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Walls

"WALLS, (and Sandness) a parish in the Shetland Isles, coast of Scotland. It comprises the districts of Walls and Sandness on the mainland, and the islands of Foula, Papa Stour, Vaila, and Linga, extending in length about 7½ miles from N. to S., with a breadth of 5 miles. The surface is irregular, and the coast-line rocky, rising in many parts 100 feet above sea-level. Along the shore are Gruting, and other voes or inlets, where fish and wild fowl are caught. The rocks consist of gneiss, granitic porphyry, quartz, and Old Red sandstone. A thousand acres or upwards are under tillage. The village of Walls is about 15 miles W. of Lerwick, and is situated between St. Magnus and Scalloway bays. Many of the inhabitants are employed in the fisheries. This parish is in the presbytery of Olnafirth and synod of Shetland. The stipend of the minister is about £158. There are four parochial churches, viz:, Walls, Sandness, Papa Stour, and Foula -the first was erected in 1748. The Independents have chapels, situated respectively at Walls and Sandness. There are three Society schools.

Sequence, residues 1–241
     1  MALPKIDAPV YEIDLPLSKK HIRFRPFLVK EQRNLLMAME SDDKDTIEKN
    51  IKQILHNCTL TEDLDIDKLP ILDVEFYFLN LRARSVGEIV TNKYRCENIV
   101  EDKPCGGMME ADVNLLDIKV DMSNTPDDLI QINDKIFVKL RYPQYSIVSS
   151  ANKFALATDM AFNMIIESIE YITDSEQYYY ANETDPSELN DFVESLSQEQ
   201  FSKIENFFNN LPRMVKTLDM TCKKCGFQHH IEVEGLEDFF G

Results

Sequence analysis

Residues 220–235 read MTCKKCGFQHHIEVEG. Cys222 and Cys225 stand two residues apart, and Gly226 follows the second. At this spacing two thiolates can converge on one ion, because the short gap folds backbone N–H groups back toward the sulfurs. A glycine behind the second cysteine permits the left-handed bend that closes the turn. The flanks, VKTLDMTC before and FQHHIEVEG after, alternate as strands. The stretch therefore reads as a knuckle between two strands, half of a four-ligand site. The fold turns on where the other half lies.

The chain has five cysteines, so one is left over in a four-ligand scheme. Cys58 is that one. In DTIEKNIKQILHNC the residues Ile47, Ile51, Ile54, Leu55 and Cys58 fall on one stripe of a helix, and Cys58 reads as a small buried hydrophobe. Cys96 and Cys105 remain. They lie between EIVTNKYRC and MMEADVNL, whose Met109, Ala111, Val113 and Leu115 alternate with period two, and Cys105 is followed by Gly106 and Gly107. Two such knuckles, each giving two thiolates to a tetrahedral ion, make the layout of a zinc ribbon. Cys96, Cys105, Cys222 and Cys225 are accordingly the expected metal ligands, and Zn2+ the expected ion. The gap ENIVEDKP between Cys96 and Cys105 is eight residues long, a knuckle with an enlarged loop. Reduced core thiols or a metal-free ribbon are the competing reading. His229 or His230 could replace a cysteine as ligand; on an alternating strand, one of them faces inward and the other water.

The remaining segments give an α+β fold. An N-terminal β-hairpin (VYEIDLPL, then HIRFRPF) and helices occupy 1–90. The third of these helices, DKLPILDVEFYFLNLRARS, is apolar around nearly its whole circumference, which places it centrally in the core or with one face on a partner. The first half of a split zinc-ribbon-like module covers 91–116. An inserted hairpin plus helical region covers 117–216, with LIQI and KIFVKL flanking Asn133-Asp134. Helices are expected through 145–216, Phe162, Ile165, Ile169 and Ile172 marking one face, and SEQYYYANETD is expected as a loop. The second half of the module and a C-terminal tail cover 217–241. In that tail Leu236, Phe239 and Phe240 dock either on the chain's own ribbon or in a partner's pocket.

From The National Gazetteer of of Great Britain and Ireland (1868) 

"WALLS, a parish in the W of the Mainland of Shetland, whose church stands at the head of Vaila Sound, 24 miles WNW of Lerwick, under which there is a post office. The parish, containing also the post office of Sandness, 31 miles WNW of Lerwick, comprehends the ancient parishes of Walls, Sandness, Papa-Stour, and Foula; comprises the mainland districts of Walls and Sandness, and the inhabited islands of Papa-Stour, Vaila, Linga, and Foula; and is bounded on the E by Sandsting, and on all other sides by- the sea.